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Morningstar Sustainalytics Launches Low-Carbon Transition Assessment Tool for Investors
June 13, 2023
Profile photo of contributor Sara Bussiere
Special Counsel | Global Litigation

In April 2023, as part of ongoing efforts to enhance transparency, Morningstar Sustainalytics launched a ratings system designed to provide investors with an assessment of a company’s current net-zero alignment. The company’s Low Carbon Transition Ratings provide a set of “forward looking” assessments of the degree to which a company’s projected greenhouse gas (GHG) emissions diverge from its net-zero pathway between the time of the assessment and 2050. According to Morningstar Sustainalytics, the “two-dimensional framework” measures both a company’s exposure from its expected GHG emissions and accounts for management actions, including its demonstrated short-term investment plans, policies and programs.

The new ratings framework builds on Morningstar’s ESG risk ratings system and analyzes a company’s low-carbon transition exposure and management preparedness across the company’s value chain for each scope of emissions using the 1.5°C required policy scenario from the Inevitable Policy Response (IPR). IPR is an initiative commissioned by the United Nations-backed global network of financial institutions Principles for Responsible Investment (PRI), which seeks to prepare institutional investors for portfolio risks and opportunities related to climate change.

The company’s overall degree of alignment is expressed as an “implied temperature rise”—the projected impact on the environment if all companies shared the assessed company’s investment alignment and transition preparedness. Companies are placed in one of five categories: (i) aligned; (ii) moderately misaligned; (iii) significantly misaligned; (iv) highly misaligned; and (v) severely misaligned. The company-specific reporting also details the company’s expected emissions across all three scopes from the present to 2050, its net-zero budget (i.e., the company's sector- and region-specific budget required to align to a net-zero emissions pathway by 2050), and the “expected emissions gap” (i.e., emissions that are not managed and the severity of misaligned emissions).

The value-chain analysis provides an individual assessment of the company’s alignment to the net-zero budget for each scope of emissions (Scope 1, Scope 2, Scope 3 upstream and Scope 3 downstream), including how much each scope contributes to the company’s overall rating. The analysis includes an assessment of GHG exposure, based on the expected emissions gap for each scope, and a score (out of 100) for management actions related to each emissions scope. Companies are also given an overall management score (out of 100) and individual scores across a set of indicators, including its GHG emissions reduction program, renewable energy program, scope of GHG reporting, GHG emissions targets, operating performance and solvency.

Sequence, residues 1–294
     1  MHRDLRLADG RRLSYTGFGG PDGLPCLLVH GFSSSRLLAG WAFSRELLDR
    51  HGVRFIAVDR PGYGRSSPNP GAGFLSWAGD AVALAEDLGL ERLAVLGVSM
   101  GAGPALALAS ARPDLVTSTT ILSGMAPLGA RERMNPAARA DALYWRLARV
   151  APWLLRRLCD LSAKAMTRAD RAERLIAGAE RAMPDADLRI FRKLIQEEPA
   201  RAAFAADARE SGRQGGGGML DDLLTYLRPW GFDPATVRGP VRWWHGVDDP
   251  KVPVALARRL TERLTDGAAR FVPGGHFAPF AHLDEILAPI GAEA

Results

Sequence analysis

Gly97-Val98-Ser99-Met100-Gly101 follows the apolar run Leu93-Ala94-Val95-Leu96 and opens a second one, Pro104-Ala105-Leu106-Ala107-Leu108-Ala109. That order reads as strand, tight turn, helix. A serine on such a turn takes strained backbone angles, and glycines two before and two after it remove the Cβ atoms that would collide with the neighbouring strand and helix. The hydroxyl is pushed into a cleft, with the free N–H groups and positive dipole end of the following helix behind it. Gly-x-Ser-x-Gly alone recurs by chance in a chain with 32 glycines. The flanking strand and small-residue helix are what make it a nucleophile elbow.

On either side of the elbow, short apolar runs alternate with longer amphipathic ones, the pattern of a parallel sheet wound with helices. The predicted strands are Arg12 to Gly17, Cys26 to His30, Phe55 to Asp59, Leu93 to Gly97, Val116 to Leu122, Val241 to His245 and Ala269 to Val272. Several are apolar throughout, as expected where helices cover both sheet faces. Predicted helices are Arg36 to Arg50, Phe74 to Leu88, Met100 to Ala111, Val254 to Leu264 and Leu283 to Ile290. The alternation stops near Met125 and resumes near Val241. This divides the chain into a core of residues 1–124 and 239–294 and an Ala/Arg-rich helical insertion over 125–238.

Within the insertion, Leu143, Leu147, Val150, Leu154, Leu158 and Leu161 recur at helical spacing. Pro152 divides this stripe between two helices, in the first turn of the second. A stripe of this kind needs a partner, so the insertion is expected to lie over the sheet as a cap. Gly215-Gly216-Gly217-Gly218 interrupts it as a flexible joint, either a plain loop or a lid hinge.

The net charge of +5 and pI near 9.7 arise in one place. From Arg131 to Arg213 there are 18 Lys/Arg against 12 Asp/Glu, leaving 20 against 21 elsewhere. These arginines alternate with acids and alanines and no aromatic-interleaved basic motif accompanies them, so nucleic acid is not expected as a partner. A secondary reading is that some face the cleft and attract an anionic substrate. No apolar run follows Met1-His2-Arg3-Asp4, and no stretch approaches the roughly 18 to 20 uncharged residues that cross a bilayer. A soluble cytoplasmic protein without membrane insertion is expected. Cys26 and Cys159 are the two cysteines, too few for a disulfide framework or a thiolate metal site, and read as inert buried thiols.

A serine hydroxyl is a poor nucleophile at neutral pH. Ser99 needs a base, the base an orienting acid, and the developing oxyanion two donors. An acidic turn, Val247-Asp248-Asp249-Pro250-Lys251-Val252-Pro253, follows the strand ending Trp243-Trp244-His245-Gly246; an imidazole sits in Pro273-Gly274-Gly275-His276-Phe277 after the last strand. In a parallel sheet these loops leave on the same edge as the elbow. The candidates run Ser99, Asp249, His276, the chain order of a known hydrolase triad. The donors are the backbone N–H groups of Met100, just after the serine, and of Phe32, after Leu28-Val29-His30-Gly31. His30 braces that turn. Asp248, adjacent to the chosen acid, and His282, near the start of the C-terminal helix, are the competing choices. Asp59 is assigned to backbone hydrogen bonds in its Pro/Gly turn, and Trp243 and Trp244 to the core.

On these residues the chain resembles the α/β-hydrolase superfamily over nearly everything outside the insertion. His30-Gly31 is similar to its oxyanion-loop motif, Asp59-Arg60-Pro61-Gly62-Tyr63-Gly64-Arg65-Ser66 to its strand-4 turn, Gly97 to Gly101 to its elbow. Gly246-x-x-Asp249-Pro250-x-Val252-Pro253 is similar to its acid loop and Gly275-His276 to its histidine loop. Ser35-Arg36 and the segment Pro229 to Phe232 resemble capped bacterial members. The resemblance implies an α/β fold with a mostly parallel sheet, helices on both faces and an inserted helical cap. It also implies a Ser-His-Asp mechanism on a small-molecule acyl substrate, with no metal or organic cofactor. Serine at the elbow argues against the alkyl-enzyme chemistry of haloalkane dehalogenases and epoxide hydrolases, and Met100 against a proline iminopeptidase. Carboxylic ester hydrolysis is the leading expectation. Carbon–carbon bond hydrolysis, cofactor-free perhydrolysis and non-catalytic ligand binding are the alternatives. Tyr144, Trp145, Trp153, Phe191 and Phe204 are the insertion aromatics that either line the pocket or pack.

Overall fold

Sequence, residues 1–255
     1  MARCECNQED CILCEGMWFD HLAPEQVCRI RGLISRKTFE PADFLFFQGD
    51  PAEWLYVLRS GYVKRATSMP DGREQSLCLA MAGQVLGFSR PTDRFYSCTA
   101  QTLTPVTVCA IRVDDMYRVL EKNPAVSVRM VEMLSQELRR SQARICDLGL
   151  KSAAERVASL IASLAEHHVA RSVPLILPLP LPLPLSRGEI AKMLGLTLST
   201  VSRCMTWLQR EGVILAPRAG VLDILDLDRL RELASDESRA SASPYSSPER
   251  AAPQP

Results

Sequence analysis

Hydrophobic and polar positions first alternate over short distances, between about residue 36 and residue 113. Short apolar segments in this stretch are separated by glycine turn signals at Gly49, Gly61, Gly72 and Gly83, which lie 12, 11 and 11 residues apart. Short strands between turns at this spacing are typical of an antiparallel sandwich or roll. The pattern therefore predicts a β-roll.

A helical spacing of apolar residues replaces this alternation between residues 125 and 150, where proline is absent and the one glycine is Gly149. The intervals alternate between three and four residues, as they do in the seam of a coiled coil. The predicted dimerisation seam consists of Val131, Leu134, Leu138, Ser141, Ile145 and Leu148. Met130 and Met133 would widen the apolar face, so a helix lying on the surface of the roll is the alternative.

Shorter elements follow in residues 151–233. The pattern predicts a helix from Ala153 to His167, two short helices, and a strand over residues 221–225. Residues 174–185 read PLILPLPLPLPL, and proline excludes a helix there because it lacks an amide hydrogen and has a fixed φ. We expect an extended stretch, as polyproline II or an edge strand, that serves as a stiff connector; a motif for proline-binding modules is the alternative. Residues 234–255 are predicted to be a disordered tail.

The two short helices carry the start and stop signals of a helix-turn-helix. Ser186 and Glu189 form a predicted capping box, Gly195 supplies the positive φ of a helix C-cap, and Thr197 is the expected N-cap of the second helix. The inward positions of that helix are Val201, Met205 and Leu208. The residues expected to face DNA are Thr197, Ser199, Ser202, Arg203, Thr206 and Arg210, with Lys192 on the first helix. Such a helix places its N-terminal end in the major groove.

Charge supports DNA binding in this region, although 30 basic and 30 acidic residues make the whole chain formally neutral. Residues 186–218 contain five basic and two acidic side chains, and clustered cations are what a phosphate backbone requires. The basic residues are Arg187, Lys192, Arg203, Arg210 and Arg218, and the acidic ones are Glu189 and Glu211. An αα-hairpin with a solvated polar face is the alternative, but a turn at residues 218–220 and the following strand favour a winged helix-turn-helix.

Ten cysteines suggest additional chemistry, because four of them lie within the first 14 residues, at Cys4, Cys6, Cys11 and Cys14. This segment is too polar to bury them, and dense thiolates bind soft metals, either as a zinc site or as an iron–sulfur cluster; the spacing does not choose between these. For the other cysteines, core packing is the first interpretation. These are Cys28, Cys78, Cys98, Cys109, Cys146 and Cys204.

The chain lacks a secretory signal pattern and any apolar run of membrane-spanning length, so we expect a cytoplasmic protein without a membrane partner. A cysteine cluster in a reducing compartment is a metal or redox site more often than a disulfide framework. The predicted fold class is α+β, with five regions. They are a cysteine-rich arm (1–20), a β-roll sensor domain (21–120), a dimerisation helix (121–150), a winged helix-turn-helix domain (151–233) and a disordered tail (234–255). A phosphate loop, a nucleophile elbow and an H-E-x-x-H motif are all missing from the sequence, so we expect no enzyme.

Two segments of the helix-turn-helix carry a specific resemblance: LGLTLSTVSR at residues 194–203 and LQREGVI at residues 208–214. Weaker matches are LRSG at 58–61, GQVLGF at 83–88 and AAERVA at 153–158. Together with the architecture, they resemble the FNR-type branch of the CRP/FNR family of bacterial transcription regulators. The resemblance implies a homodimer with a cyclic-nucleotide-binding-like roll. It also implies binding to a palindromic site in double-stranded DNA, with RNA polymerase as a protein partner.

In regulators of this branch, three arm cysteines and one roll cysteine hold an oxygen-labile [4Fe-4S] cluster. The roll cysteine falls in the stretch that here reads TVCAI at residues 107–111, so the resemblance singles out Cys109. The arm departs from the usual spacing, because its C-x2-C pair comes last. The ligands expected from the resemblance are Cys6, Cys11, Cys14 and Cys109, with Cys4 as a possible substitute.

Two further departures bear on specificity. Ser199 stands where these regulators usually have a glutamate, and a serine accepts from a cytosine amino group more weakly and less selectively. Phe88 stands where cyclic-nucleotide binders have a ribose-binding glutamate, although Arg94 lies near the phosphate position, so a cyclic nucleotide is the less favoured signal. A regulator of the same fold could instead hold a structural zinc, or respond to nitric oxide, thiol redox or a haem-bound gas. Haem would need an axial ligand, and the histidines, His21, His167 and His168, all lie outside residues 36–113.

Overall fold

Taking the Temperature: As we have reported on extensively, the proliferation of ratings providers, using different criteria and ranking companies according to varied scoring systems, has prompted concern from regulators, investors and market participants. We thoroughly explored these issues in a longer article published in the Harvard Law School Forum on Corporate Governance, points echoed in a Review of Finance paper entitled Aggregate Confusion: The Divergence of ESG Ratings, which disclosed the findings of an investigation into the “divergence of sustainability ratings.”

Regarding potential regulation, the UK government, for instance, recently launched a consultation set to close on June 30 on the scope of a future regulatory regime for ESG ratings providers. The Securities and Exchange Board of India launched a similar ESG ratings-focused consultation.

Moreover, ratings providers continue to adjust their approaches, with, for example, MSCI recently announcing significant changes to its ESG investment fund rating methodology that “aim to raise the requirements for a fund to be assessed as ‘AA’ or ‘AAA’ rated, improve stability in Fund ESG Ratings and add transparency through simpler attribution analysis.” However, these changes will result in downgrades to 31,000 of the funds currently rated by MSCI. Likewise, Dow Jones recently announced changes to its Sustainability Index.

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